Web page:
According to the National Holocaust Encyclopedia titled “Nazi Camps,” from 1933 to 1945, more than 44,000 concentration and incarceration camps were established, causing 11 million people to lose their lives, and 6 million of those were Jewish. Only a small handful of people survived. Among those who survived, Ellie Wiesel was imprisoned in camps while neutral countries only watched. Because of his experience, Wiesel believes “We must always take sides. Neutrality helps the oppressor, never the victim.”
The Effects of the Scottsboro Trials on the Civil Rights Movement The United States constitution gives all Americans “the right to a speedy and public trial by an impartial jury”. Although this is the sixth amendment in the constitution of our nation, there have been many instances where the accused were not given this basic right. Many of the trials helped to spark the Civil Rights movement, and advance Civil Rights from the 1930s to the 1960s. The Scottsboro Trials of the 1930s are just one of the many cases in United States history that helped to start the advancement of Civil Rights in America, showing blatant racism by convicting innocent people because of their racial background.
The movie, Crash, demonstrates the lives of various individuals from socio-economic classes, who have life-changing experiences in between their conflicting prejudices and stereotypes. The movie crash shows others stereotyping individuals in many situations, showing good examples of how racism against oneself, caused by fear and misunderstanding, is just as malicious and evil as racism against another person. It is the impressions, that is exaggerated or misconceived ideas about particular social groups, usually based on solely one 's physical appearance. The movie shows each character 's point of view, rather it be from an African-American, Caucasian, Middle Eastern or a Latino. It follows each character throughout the movie to show how they live their daily lives majority which it being through conflicted experiences involving stereotypical approaches.
Topic: Scottsboro Trials Sources: Remembering Scottsboro: The legacy of an infamous trial, The Trials of the Scottsboro boys, and Scottsboro and its legacy: The cases that challenged american legal and social justice. Thesis: The Scottsboro Trials were an important piece of history because it was a huge stepping stone of the civil rights movement and it showed the racial inequality in America which was then taken to the supreme court. (support statement) No crime in American history, produced as many trials, convictions, reversals and retrials as did the alleged gang rape of two white girls by nine black teenagers. (Supported Statement 2)
During the mid nineteen thirties there was ample prejudice from whites towards African Americans. This prejudice was greatly depicted in one particular case of nine young black men. The Scottsboro Boys were labeled as outcasts and faced a considerable amount of prejudice during their trials for a crime they had not committed; although some of the nine Boys were exonerated during the trials, the last of the Scottsboro Boys were not redeemed until decades later. On March 25, 1931, during the height of the Great Depression, a group of nine black boys, later known as the Scottsboro Boys, was traveling on a train towards Memphis, Tennessee, in search of work.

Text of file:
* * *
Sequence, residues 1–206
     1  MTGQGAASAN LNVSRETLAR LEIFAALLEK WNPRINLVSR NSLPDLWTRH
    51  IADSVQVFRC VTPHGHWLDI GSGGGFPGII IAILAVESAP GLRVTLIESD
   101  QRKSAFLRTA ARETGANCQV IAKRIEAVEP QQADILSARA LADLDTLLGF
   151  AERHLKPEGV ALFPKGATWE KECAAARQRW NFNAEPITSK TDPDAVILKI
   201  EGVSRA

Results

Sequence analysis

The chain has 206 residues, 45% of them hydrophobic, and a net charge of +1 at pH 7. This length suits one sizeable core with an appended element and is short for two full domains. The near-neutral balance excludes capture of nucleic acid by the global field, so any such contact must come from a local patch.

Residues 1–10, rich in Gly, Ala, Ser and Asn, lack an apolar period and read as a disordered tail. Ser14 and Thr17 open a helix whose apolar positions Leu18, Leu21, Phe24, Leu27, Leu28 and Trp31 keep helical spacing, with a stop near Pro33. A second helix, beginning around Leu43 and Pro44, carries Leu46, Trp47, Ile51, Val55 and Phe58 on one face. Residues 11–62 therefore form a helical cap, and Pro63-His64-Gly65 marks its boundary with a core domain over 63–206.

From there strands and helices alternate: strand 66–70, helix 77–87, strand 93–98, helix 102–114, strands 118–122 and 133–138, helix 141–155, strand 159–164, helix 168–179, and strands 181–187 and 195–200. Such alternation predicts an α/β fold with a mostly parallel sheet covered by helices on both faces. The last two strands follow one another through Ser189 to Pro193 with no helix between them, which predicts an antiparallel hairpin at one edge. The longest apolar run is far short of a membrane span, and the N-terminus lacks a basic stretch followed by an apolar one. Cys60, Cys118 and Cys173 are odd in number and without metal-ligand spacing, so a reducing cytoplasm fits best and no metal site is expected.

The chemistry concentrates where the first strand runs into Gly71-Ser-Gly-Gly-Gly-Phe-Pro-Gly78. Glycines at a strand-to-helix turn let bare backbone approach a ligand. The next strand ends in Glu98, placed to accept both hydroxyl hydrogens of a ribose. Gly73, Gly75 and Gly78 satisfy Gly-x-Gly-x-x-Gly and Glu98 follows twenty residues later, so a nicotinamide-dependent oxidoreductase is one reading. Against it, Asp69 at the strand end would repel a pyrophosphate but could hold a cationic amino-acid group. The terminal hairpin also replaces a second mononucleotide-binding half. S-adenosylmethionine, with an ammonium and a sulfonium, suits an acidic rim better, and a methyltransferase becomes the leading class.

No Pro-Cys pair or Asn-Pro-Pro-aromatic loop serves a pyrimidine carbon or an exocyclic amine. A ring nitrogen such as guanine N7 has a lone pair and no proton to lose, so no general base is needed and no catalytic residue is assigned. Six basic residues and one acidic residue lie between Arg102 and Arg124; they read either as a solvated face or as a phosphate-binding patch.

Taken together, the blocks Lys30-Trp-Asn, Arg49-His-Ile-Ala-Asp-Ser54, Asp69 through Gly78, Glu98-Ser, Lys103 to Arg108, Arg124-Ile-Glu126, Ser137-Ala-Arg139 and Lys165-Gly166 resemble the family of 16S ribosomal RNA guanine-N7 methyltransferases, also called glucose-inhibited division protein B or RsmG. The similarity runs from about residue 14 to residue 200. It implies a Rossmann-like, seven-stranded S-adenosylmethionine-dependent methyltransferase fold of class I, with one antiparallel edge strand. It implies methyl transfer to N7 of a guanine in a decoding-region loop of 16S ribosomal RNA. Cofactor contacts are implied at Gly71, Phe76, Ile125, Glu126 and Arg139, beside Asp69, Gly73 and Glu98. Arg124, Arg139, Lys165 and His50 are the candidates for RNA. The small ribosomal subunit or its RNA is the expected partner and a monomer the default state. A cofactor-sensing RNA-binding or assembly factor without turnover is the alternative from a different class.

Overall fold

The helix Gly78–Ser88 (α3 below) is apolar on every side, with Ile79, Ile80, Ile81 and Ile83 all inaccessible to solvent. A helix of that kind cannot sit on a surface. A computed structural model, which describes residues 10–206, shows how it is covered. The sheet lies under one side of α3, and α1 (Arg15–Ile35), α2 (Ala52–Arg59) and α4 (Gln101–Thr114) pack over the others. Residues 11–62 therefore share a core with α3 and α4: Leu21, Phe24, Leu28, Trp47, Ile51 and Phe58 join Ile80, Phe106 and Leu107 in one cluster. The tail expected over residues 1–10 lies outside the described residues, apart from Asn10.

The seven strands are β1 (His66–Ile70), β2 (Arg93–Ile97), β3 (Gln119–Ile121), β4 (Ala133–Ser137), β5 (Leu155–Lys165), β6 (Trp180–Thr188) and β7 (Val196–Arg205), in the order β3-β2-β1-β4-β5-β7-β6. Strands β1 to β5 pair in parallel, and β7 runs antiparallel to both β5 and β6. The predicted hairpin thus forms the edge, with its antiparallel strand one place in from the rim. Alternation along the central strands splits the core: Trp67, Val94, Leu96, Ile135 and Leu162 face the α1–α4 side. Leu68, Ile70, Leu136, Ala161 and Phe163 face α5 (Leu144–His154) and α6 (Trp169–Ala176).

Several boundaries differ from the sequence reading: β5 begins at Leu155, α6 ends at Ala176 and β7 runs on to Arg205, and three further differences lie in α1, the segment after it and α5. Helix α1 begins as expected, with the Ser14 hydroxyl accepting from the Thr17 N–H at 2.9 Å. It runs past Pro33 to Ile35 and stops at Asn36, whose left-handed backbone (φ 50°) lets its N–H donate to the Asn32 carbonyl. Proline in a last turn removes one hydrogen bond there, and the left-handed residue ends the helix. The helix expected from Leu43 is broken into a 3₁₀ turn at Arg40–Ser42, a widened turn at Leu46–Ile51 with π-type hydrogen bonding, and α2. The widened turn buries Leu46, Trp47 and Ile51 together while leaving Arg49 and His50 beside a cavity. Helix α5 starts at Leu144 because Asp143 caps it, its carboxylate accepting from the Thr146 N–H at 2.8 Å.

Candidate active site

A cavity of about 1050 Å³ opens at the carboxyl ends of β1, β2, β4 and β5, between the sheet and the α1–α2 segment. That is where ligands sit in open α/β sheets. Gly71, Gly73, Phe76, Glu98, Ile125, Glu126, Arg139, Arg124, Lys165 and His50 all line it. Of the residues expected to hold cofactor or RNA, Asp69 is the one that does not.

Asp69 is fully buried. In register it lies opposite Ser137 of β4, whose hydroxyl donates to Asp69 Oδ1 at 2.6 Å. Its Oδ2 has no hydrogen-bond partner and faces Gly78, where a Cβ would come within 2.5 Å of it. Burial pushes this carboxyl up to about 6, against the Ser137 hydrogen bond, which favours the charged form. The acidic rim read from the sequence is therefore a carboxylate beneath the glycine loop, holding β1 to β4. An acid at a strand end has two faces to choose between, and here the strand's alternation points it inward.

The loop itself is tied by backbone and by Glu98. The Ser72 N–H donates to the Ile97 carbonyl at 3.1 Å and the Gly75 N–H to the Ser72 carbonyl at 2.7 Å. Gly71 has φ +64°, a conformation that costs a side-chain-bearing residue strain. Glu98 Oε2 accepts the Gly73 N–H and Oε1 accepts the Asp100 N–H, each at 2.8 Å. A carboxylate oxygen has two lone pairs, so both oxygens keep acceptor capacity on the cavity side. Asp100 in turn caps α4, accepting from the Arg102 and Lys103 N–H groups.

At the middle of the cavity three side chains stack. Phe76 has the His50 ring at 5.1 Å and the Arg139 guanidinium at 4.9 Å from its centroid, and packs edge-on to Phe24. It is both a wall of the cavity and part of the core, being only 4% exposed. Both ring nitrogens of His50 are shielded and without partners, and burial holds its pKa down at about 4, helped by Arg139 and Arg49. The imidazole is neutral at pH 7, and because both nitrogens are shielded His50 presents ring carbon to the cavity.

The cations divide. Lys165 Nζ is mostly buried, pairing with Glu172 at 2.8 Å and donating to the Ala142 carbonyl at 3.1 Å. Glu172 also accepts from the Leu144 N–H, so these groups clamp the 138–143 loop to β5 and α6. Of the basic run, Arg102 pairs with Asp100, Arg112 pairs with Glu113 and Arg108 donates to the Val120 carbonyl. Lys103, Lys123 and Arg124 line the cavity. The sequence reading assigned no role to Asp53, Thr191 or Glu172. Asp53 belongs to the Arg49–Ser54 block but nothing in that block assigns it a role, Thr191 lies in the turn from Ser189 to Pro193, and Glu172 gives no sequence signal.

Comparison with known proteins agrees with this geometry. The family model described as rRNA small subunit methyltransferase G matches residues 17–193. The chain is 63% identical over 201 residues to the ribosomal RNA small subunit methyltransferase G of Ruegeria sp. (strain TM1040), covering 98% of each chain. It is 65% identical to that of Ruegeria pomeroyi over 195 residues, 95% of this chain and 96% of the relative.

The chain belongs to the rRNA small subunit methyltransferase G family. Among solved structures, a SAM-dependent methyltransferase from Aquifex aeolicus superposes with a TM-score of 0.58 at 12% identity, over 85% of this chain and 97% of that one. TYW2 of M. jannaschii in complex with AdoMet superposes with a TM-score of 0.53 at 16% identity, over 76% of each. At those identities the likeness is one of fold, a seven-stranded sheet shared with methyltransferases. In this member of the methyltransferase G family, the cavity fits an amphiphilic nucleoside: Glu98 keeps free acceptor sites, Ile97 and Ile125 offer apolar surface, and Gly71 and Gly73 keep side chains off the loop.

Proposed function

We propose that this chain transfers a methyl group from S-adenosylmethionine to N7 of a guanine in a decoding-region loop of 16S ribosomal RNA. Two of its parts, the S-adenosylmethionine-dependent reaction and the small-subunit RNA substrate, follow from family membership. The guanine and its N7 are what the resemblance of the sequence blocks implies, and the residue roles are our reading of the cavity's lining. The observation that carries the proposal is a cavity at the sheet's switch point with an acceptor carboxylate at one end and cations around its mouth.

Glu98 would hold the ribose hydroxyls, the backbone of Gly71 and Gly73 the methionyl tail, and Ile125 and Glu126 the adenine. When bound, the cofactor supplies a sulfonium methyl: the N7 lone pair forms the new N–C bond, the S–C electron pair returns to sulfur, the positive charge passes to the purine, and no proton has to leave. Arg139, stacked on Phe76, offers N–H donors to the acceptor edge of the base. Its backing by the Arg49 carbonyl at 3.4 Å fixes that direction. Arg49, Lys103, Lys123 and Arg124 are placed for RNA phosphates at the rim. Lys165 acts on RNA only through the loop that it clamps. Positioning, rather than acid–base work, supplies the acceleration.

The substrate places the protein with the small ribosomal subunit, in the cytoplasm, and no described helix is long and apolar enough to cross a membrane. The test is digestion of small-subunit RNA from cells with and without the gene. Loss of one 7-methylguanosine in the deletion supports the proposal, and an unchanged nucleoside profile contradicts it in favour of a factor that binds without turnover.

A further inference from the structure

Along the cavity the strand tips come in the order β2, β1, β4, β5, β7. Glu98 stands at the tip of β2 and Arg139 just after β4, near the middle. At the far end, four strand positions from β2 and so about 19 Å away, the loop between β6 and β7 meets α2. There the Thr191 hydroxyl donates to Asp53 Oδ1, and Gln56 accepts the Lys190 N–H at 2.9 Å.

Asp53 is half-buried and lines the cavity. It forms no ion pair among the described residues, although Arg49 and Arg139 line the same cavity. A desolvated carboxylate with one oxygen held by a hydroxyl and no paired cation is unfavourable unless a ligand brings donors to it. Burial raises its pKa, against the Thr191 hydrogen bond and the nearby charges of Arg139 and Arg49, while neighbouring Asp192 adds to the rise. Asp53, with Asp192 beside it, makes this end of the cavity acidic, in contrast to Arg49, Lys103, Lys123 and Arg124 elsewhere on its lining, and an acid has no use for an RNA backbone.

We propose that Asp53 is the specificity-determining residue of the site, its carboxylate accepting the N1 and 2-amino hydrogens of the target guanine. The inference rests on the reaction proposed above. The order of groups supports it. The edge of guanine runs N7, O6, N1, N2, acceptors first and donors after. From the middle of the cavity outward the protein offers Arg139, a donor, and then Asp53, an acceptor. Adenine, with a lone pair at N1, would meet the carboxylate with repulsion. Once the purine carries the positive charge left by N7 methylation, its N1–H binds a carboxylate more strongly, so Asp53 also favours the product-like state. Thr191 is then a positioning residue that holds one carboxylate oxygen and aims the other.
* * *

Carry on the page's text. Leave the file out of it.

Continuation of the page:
Racism is something that needs to stop being taken so lightly. It for one has a toll of impact on many people’s lives. For instance, racial name callings can have many affects on an individual of the opposite race who is being harassed because of the color of their skin. It can truly damage a person’s self love and respect for themselves. Often the ones who make others feel that way are the ones that lack those character traits.
“ According to the National Association of Social Workers Web site, racism is “the ideology or practice through demonstrated power or perceived superiority of one group over others by reasons of race, color, ethnicity, or cultural heritage....” The definition further goes on to note that “racism is manifested at the individual, group, and institutional level.” (Blank, 2013) Despite how much time has passed by, racism continues to be a huge issue today. We see it every day, some have even been confronted by racial discrimination, or racial slurs even. We see how the system could be for example: how blacks continue to get more severe punishments or blacks have higher the chance to get criminally sentenced than whites.
It showed a different side of the American Dream, to be united as one unit and country, despise the color of your skin. In “To Kill A Mockingbird”, by Harper Lee, the way people talk about blacks, shows how harshly people treated the idea of them being treated the same. It made some people extremely upset by the idea of blacks being treated poorly. For example, “For some reason Dill had started crying and couldn’t stop; quietly at first, then his sobs were heard by several people in the balcony. ”(Lee, 265).
Racism is an ever growing issue in the world, and something we can’t hide behind. According to dictionary.com the defintion of racism is: “the belief that all members of each race possess characteristics, abilities, or qualities specific to that race, especially so as to distinguish it as inferior or superior to another race or races.” Race was created socially by how people perceive ideas and faces people are not used to yet. It is the “hatred” of one person to another individual, solely based on that person's belief that the person is inferior because of their language, birthplace and skin colour. Racism is an issue that has lasted throughout history, providing justification for a group’s dominance over another.